“TR: What’s wrong with product design nowadays?
BROWN: Well, one big problem is feature creep. Companies feel pressured to add features, because they want to put a check mark in every check box in the product review magazines. Home stereos are a perfect example. How many people use one-tenth of the features on their stereo? And, in fact, the most expensive home stereos actually have the fewest features, because those users understand that they actually get in the way of the experience. And so I think what we try and do as designers is use real hard evidence of people in the world to show our clients what things are appropriate and what things aren’t appropriate, and help them have the bravery that they need to be able to resist the temptation. ”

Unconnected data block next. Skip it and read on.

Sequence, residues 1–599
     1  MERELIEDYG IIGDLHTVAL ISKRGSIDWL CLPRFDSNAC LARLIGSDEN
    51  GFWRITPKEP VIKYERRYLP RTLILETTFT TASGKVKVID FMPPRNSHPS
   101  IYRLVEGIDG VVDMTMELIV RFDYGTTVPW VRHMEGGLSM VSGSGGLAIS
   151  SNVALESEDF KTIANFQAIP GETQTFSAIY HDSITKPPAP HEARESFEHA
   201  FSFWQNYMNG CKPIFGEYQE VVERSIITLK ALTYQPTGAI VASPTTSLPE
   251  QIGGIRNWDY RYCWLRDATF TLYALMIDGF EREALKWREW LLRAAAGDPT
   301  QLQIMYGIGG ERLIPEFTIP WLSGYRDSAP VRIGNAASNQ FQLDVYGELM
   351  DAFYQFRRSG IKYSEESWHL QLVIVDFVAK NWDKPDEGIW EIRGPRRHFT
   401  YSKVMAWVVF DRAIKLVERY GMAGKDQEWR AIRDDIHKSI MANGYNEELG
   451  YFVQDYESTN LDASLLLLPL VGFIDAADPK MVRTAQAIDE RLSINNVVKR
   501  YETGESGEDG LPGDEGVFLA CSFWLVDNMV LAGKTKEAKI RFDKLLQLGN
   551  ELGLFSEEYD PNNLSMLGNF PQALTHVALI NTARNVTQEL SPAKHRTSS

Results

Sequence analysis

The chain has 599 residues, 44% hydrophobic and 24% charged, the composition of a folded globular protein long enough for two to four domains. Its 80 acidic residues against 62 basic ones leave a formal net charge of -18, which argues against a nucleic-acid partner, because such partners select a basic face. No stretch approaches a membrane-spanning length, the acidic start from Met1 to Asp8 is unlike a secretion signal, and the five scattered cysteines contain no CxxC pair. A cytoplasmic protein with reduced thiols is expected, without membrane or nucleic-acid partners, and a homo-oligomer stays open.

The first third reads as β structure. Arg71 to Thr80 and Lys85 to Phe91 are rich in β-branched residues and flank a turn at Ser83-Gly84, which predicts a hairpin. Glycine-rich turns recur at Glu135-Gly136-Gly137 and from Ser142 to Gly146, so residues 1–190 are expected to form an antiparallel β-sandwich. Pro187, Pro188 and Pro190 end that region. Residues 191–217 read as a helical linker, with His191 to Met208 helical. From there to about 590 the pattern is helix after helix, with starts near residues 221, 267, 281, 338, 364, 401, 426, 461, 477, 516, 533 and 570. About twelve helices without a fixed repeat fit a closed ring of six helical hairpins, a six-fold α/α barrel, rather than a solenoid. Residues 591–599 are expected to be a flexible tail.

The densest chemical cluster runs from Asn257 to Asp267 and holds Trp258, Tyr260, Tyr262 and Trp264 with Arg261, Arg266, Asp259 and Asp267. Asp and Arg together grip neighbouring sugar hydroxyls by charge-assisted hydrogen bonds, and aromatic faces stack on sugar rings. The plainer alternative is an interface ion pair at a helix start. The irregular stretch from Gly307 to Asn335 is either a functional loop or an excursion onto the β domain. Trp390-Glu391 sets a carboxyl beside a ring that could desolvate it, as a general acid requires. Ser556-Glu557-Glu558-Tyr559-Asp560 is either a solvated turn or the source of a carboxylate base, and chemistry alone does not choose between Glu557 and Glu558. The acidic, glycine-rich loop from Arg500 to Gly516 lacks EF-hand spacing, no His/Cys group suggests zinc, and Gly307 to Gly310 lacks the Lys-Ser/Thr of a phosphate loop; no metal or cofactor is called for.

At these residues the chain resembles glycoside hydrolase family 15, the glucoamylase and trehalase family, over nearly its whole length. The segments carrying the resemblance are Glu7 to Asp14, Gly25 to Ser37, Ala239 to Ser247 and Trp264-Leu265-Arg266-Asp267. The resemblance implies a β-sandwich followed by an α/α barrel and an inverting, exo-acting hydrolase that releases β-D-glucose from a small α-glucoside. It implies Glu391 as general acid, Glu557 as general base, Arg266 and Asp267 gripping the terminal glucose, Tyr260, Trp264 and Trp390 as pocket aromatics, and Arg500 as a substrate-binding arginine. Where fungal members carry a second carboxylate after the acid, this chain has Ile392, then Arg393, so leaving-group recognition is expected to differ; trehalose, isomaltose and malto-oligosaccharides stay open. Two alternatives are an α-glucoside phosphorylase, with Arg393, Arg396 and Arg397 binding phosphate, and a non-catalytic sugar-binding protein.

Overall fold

I like the word “bravery” in that sentence. Features are a measurable way to see “improvement” in a product. Yet for many products, more features is the worst thing that can happen to it. Search should always be simple. Having a hundred features makes it slow and complicated… why do you think so few people use advanced search, despite the fact that it would probably get them better results? Because a single box will get them good-enough results, and is less painful to use.
Sometimes innovation is removing features, as much as thinking new ones up.